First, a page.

U.S. holiday sales rose 3.8 per cent from last year, a major retail trade organization said Tuesday, spurring optimism that the U.S. recovery would be underpinned by healthy consumer spending.
The National Retail Federation said Tuesday that combined retail sales for November and December were $601.8 billion US.
The trade group noted a strong rise in online shopping and said non-store holiday sales grew 9.3 per cent to $95.7 billion.
At the last minute, shoppers shrugged off the effects of bad weather to take advantage of deep discounts at the malls, the federation said.
Competitive sales landscape
Major U.S. retailers such as American Eagle and Pier 1 Imports have cut their profit outlooks because of the extremely competitive sales environment before Christmas.
The Commerce Department released U.S. sales figures for the month of December on Tuesday, showing a total retail sales rise of just 0.2 per cent from the previous month.
That was above expectations, but the Commerce Department also revised November sales downward from a 0.7 per cent rise to a 0.4 per cent rise.
Core retail sales, excluding autos and gasoline, rose by a strong 0.6 per cent in December, with more clothing sales and a jump in spending on food and beverage. However, electronics sales were down for the second straight month.
The U.S. fourth quarter is shaping up better than anticipated, according to TD senior economist James Marple.
Predictions for GDP growth
“While the downward revision tempers some of the optimism on consumer spending in the fourth quarter, the acceleration in core retail sales in December is encouraging, especially given the spate of other indicators which have pointed to a slowdown,” Marple wrote in a note to investors.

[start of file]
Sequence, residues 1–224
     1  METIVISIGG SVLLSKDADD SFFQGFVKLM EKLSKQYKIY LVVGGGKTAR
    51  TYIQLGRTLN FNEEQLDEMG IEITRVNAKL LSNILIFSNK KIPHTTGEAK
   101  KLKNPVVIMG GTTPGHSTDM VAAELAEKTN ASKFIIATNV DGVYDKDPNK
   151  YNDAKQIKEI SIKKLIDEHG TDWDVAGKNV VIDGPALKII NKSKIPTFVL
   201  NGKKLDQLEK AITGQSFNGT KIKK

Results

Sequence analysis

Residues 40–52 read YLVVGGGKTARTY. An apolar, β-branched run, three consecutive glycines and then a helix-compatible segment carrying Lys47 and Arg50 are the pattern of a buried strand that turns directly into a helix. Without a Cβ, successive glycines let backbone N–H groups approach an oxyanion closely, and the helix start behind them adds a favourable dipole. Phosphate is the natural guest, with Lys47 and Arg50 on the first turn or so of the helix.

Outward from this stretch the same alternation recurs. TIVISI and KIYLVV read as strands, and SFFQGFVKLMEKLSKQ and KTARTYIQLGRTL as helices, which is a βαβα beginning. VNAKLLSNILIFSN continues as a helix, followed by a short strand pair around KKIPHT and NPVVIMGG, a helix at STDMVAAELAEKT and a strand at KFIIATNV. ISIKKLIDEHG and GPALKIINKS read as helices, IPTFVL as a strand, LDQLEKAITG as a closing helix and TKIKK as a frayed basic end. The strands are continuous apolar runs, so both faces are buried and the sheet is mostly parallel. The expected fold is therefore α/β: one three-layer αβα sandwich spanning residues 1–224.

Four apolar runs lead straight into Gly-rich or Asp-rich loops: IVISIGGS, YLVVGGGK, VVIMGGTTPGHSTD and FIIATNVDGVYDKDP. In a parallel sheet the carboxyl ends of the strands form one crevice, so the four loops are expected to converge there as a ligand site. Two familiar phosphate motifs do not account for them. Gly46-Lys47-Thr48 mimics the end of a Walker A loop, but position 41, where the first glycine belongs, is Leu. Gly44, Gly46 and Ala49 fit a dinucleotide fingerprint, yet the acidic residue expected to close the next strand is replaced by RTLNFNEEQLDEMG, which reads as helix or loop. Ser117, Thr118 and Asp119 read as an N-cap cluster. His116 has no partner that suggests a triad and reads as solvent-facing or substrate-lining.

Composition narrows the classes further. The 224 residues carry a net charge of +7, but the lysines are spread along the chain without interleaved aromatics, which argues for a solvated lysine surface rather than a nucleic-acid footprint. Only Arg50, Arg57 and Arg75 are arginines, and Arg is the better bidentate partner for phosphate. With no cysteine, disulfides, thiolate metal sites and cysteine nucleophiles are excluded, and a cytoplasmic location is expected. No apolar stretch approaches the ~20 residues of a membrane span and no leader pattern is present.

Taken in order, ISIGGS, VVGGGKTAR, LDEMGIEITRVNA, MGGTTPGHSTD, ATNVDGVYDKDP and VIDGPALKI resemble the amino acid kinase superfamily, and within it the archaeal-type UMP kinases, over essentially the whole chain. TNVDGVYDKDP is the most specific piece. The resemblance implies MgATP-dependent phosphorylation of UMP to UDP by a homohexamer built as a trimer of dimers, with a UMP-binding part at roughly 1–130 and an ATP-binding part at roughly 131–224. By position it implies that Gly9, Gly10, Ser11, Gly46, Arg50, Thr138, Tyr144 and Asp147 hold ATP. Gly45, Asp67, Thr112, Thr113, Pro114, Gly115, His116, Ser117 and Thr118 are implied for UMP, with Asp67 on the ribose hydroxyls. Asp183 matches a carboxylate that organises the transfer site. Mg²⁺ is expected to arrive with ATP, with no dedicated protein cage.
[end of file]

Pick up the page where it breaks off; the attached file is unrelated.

Marple predicts U.S. fourth quarter GDP growth could come in at three per cent, with real GDP growth likely to average 2.7 per cent over the course of 2013.
That would auger well for 2014 and could lead to further cuts in the Federal Reserve’s stimulus plan that calls for it to purchase $75 billion of U.S. bonds every month.
The National Retail Federation holds its annual convention in New York. One of the pressing problems facing the industry is how to thwart cybercriminals, such as the group that stole data on 70 million customers from Target.
Neiman Marcus also reported a breach.
Security a looming issue
Brian Monette, a security expert with Armed Data, said there are bound to be more breaches as retailers handle more data and criminals become more clever.
“With the mass of data they’re collecting and the current ways they manage the data, that’s going to be the case,” he said in an interview with CBC’s The Lang & O’Leary Exchange.
“Any time there is a touchpoint where information is shared between you and third party, it’s subject to being captured,” Monette added.
He said companies should be implementing higher standards and instructing employees on the risks for data stored on cellphones or USB devices.